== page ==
Disney Restores Walt's Old Office Down to Scripts and Ashtraysby
Space will be part of studio tour for guests, company staffers
`Gold' members of D23 fan club will have to pay additional fee
Walt Disney Co. is adding a fresh perk for top-spending members of its D23 fan club: a tour of Walt’s office, including the ashtrays where he’d stub out his Chesterfields.
The space in Burbank, California, a time-capsule from corporate America in the 1960s, was restored “right down to the tiniest detail” in part to inspire employees to take “bold creative risks” and “pursue perfection,” Disney Chairman and Chief Executive Officer Robert Iger said Monday at a press event.
With the office, the company is taking page from Hewlett-Packard Co.’s playbook, which turned the garage-workshop of its co-founders into a historical landmark. Walt Disney attracted legions of loyal followers and fans, drawn to his groundbreaking work in animation and amusement parks. Almost 50 years after Disney’s death, the company holds annual conventions for fans around the world, selling millions of dollars worth of memberships and memorabilia.
The five-room suite includes a reception area, a secretary’s office, Walt’s working office, his private office and another room he used to relax. There’s a master plan for Walt Disney World on the wall with future attractions highlighted, scripts on the credenza (“Lt. Robin Crusoe U.S.N.,” “Monkeys, Go Home!”), Disney figures on shelves and three ashtrays on his desk. Disney died of lung cancer in 1966.
The office may be part of a studio tour that’s open to Disney Movie Rewards members who cash in points, as well as customers of Adventures By Disney, a company-owned travel agency. Gold members of Disney’s D23 fan club, who already pay $80 in annual fees, will also be able to purchase tours that include the office.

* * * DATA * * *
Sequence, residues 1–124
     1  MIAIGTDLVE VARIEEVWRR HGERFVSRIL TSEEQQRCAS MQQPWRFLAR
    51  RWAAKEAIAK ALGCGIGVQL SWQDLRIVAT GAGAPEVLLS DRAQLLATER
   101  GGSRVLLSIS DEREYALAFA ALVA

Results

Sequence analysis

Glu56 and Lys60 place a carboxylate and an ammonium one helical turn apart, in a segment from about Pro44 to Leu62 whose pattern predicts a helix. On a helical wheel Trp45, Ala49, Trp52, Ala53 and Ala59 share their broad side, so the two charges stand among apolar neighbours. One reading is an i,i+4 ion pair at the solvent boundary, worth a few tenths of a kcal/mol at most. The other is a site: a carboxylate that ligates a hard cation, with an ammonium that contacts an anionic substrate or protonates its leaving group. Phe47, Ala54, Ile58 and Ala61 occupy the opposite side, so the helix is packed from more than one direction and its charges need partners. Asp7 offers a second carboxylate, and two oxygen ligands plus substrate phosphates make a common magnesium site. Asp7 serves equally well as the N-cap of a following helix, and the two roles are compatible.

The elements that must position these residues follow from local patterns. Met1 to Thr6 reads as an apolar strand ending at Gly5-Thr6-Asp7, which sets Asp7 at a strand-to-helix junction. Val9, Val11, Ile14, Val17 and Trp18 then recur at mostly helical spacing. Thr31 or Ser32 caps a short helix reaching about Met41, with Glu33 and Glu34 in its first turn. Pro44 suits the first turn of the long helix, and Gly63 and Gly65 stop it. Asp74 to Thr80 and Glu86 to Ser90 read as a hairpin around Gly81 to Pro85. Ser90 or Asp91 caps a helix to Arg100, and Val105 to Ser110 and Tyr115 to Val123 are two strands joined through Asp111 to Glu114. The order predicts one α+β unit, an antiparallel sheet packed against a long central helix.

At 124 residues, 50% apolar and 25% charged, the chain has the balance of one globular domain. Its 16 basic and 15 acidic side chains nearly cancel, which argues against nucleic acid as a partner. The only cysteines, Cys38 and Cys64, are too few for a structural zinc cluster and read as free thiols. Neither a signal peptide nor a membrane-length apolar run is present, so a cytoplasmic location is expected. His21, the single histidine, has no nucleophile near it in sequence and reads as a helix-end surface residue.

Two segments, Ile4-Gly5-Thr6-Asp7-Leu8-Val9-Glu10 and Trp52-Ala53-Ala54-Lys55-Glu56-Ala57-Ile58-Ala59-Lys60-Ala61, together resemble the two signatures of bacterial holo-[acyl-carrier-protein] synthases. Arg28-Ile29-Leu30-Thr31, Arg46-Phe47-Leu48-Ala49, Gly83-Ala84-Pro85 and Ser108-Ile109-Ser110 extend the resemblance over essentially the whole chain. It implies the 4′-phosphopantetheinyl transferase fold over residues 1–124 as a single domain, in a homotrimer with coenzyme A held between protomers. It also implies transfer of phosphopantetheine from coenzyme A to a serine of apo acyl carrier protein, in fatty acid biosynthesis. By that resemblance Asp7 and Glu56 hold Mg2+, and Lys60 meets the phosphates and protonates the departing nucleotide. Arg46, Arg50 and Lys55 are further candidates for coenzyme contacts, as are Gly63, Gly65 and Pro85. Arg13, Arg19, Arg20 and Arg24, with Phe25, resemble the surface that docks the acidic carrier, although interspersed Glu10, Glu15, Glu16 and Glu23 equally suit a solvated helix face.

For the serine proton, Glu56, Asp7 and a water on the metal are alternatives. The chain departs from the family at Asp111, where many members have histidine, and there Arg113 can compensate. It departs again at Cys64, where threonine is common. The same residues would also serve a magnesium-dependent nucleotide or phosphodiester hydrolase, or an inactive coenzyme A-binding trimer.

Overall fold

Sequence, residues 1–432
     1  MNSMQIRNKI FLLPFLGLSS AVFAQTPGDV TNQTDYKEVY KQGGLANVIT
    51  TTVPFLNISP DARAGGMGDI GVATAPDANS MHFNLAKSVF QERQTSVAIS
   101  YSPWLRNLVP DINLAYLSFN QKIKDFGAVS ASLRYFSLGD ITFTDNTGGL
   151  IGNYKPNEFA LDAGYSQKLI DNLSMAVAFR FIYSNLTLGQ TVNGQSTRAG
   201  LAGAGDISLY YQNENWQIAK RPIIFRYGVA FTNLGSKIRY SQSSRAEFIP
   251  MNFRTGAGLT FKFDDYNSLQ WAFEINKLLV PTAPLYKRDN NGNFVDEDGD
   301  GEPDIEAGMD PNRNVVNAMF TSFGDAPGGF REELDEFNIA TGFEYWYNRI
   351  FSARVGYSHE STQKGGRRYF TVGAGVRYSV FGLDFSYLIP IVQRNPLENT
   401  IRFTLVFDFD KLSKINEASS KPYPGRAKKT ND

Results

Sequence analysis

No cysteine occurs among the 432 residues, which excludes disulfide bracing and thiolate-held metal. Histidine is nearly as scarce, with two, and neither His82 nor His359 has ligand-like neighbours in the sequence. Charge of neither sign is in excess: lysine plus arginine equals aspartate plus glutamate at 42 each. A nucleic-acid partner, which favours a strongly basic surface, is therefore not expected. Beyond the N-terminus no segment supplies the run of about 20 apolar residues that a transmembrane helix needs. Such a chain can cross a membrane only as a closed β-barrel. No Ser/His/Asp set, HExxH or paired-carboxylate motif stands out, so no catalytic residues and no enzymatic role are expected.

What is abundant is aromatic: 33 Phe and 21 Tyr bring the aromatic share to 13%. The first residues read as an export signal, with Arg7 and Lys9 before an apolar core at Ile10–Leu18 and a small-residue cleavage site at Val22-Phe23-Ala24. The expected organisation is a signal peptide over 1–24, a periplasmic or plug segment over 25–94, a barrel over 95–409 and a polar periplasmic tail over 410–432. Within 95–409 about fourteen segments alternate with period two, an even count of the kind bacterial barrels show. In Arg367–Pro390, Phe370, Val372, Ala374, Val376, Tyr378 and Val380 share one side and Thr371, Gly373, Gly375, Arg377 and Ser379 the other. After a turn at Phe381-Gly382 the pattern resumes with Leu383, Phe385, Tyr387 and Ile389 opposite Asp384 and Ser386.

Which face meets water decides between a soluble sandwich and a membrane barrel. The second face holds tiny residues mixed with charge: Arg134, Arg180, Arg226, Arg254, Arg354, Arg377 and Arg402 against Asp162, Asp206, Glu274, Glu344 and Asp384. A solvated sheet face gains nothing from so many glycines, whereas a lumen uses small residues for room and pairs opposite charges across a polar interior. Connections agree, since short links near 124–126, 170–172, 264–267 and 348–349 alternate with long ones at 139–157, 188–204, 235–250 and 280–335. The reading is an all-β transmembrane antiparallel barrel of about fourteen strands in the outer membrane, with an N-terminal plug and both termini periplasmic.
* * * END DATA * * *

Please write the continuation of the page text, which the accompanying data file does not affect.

The office is located in Disney’s animation building. The founder used the space from the 1940s until his death. He came to the office at 8:30 a.m. each day and stayed until 7 p.m., hosting meetings with park designers, screen writers and animators, some of whom ended up sitting on the floor. The suite was occupied recently by “Desperate Housewives” creator Marc Cherry and before that by Shaun Cassidy.
Joanna Miller, Disney’s granddaughter, recalled driving Autopia cars, an attraction at Disneyland in Southern California, in the Burbank parking lot and watching clips from upcoming movies when she was a child.
“I can’t believe grandpa let 6-, 7-, 8-year-olds roam free on the lot,” she said at the event.
Richard Sherman, who wrote scores to Disney films including “The Jungle Book” and “Mary Poppins” with his brother Robert, said he often played the piano in Disney’s office while the founder looked out the window, nursing a Scotch Mist from his nearby bar.
Disney invited Sherman to the studio one day to see a model of a new attraction he was designing for the 1964 New York World’s Fair. There was one problem -- the jarring sound from animatronic figures simultaneously singing national anthems from around the world.
Disney asked Sherman to write a song. The one he came up with would become the centerpiece for the “It’s a Small World” attraction in Disney parks around the world.
After hearing the number Disney responded with his normal, Midwestern reserve, Sherman said.
“He said ‘Yes, that’ll work,”’ Sherman recalled. “That was his big compliment.”